Jorge and I packed up the night we arrived in Panama with Aaron O'Dea and his team from STRI. The road we took in two field vehicles mostly followed the Panama Canal heading northwards; we had to stop at a tanker ship crossing, where the locks separated the roadway. Quite an engineering marvel. We spent the night in Achiote, fell asleep listening to howler monkeys, and awoke to the sights of hummingbirds and more toucans. Before heading out to the fossil locality on the Caribbean coast, we had a wonderful breakfast at a cantina by the side of the road: roasted chicken, plantains and some coffee.
As planned, we arrived at the site, in the town of Piña, just as the high tide was going out. As we ambled out through the surf, we spotted several other interesting fossils along the way: a partial whale skull, deeply lodged in the seacliff and too difficult to extract; shark teeth and bits of fossil wood; and a complete skeleton of a large fish (shown left), probably a close relative to a swordfish or marlin. Even better, the fish skeleton was complete from nose to the tailfin! We estimate that the fish, in life, was probably 10 feet long. Unfortunately, we didn't plan on finding this kind of fossil and we were limited by the amount of time and plaster that we carried with us, so it still remains in the rocks along the beach.
Time and tides were against us, so we had to move relatively quickly. The fossil squalodontid skull was still in relatively decent condition, considering that it's been battered by the surf, exposed to contant weathering from sun, sand and waves. We could see that the skull was preserved bottom-side up, with most of the braincase missing. The snout was still preserved, along with some of its teeth; we also saw hints of the lower jaws nearby. Fossil whale skulls are rarely preserved intact because dead carcasses on the seafloor are scavenged, moved by ocean currents and by wave action.
We set up the Ocean Portal Flipcameras on the tripod and then set to work. First, we outlined the general excavation area, after carefully scouring the surface for any hints of exposed bone; and mapped out the distribution of exposed fossils in our fieldbooks, measuring distances between parts of the skeleton and taking note of magnetic north. You never really know how much more of the skull or skeleton may be buried below the surface, so we try to take as many precautions as possible.
We then applied acrylic glue (mixed on site with alcohol) to any exposed bone, which helps stabilize the bone by penetrating into its cracks. We also built a small surface-layer cap of plaster bandages to protect the skull from any errant whacks. Then, the real digging began, and we worked to make a deep trench around the skull.
On one side, we saw the tips of teeth poking up in the sediment at a regular spacing, which made us realize that the the rest of the jaw bone was underneath the skull. We also found a hint that the ear bones were nearby -- an exciting find, because ear bones are very helpful for understanding the taxonomic identity of fossil whales, especially when they are associated directly with skulls. These on-site discoveries forced us to dig deeper trenches and make a bigger jacket, even though time was not on our side.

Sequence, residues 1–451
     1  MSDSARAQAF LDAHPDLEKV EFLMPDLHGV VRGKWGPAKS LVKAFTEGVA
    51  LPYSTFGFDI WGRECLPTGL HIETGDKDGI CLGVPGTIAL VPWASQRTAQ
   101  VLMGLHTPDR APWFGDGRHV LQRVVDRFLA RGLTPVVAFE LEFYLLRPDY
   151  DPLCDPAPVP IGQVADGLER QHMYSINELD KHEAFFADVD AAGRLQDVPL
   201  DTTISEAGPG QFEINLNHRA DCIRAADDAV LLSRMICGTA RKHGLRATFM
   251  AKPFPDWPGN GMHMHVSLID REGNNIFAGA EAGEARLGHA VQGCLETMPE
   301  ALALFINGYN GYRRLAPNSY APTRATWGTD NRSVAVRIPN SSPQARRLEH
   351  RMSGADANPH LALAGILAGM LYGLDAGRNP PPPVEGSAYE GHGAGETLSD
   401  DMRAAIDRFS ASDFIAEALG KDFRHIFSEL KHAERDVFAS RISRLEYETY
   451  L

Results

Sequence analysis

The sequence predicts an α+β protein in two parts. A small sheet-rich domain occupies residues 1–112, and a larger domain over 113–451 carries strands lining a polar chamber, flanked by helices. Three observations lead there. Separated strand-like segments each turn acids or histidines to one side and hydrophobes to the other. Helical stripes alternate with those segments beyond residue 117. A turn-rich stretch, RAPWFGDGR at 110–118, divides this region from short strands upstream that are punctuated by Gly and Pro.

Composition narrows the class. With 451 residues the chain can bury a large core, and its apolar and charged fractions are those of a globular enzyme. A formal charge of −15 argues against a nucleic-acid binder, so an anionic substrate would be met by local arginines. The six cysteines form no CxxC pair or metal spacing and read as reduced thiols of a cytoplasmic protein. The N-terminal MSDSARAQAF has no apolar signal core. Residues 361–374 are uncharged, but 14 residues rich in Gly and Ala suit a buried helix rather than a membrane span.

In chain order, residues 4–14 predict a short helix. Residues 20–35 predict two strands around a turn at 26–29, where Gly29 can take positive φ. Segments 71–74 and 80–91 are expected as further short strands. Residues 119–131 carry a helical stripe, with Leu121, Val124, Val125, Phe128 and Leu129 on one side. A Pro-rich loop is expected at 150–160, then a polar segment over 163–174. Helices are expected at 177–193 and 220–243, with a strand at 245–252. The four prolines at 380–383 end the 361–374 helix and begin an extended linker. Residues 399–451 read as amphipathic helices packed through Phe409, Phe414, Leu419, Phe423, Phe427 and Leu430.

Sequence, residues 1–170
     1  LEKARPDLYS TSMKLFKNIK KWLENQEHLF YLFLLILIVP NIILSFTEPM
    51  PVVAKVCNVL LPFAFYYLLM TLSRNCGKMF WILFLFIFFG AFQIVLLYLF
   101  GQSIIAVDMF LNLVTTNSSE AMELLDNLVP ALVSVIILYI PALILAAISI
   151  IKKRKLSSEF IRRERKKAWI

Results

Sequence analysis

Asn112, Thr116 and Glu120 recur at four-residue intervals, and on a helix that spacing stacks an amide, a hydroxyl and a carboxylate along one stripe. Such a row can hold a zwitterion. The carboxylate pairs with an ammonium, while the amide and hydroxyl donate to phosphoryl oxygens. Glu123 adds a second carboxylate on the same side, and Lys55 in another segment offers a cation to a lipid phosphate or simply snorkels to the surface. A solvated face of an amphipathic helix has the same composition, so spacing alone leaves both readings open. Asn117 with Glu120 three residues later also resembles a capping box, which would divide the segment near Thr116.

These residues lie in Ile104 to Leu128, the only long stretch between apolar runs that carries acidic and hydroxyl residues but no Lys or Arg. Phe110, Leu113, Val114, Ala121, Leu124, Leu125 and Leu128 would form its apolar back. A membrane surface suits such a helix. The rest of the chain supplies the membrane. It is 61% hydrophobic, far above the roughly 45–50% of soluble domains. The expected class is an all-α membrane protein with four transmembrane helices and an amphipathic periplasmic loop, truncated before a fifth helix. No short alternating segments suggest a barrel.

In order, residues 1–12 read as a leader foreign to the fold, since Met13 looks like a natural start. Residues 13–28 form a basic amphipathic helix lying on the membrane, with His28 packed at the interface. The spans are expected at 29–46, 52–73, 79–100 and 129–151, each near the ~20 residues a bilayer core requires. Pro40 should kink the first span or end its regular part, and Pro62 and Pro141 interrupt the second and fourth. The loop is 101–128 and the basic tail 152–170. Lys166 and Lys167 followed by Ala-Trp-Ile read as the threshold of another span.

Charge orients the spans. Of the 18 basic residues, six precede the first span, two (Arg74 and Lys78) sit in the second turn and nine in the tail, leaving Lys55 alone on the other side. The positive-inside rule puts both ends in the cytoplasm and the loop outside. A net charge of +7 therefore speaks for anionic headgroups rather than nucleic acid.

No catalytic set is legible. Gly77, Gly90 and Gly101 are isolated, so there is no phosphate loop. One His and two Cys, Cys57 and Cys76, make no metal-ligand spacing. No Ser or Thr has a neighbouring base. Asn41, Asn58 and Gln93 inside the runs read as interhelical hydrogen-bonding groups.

After several hours of non-stop digging, alternating hammer picks with a few volunteer fieldhands from STRI, we had exposed a deep enough trench around the skull to begin applying a bigger plaster bandage cap around the block of rock containing the fossils.
We used medical plaster bandages which consist of fabric already dipped in plaster -- just add water to to initiate the hardening process, which takes around 15-20 minutes to set. Generally, the goal is to wrap the perimeter of the block with initial layers as tightly as possible, so that the resultant solid jacket fits snugly. We applied around 5 layers over the entire surface; once set, the plaster formed a cap around the block, which sat on a pedestal. Then, after it dried, we took a large pick and struck the base of the pedestal -- done correctly, a few good whacks will dislodge the jacket, flip it and remove it.
We managed to pull off the feat (recovering all of the fossils in 3 jackets) just before the tide returned and made the work too difficult. (You can see how the fossil site was situated right in the middle of the intertidal zone). After relocating to higher (and drier) ground, we applied the final touches to the field jackets, labeled them, and then hauled them, by hand, up hill, back to the field trucks a few hundred meters away, in town. Our trip back to STRI in Panama City was all smiles (exhausted smiles, natch), until we arrived back at the Center for Tropical Paleoecology and Archaeology building nearly 24 hours from the time we left.
There's really no better feeling than returning back from the field with gleaming white field jackets, their long-dead contents safely encased.
It will be some time before the field jackets find their way to Washington D.C., where they will be opened and prepared in the Department of Paleobiology. But, for now, we can say that it likely represents one of the youngest occurrences of a squalodontid, and certainly the first one from the Caribbean. Also, based on what we can tell about the age of the rocks in which it was entombed (~6-7 million years old), we know that the Isthmus of Panama was still open at this time, allowing communication between the Pacific and Atlantic oceans. What more will we find out? Check back later!
Editor's Note: This is Dr. Pyenson's third and final blog post from this expedition. Be sure to read his other posts from see a slideshow of the dig. You can also explore whale evolution and learn about other extinct species in The Ocean Over Time section of our website.